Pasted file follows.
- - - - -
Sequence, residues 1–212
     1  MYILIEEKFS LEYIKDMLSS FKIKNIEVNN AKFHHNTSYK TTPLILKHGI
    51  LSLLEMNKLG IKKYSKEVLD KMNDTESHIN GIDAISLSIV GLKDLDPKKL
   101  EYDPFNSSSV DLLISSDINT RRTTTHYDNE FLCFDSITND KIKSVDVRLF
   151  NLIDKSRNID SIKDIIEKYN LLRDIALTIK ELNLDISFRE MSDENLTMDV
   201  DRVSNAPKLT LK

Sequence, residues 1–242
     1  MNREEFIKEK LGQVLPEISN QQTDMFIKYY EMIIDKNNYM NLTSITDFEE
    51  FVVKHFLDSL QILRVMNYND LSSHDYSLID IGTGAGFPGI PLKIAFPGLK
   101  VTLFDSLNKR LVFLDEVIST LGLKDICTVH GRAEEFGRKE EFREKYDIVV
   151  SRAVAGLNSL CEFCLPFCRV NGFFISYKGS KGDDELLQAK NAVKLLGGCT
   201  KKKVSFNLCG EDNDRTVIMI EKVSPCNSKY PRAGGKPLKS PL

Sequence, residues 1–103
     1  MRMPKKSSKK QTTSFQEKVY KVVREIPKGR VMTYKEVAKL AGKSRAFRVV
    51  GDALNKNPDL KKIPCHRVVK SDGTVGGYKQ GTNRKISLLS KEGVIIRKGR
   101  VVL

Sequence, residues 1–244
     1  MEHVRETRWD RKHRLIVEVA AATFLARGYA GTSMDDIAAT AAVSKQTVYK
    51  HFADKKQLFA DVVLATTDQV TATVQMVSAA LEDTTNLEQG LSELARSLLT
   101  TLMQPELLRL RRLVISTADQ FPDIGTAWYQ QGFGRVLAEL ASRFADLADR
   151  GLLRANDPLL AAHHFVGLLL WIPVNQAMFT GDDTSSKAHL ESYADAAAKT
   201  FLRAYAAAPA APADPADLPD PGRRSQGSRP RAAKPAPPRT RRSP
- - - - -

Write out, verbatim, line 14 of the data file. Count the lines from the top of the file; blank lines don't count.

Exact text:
     1  MRMPKKSSKK QTTSFQEKVY KVVREIPKGR VMTYKEVAKL AGKSRAFRVV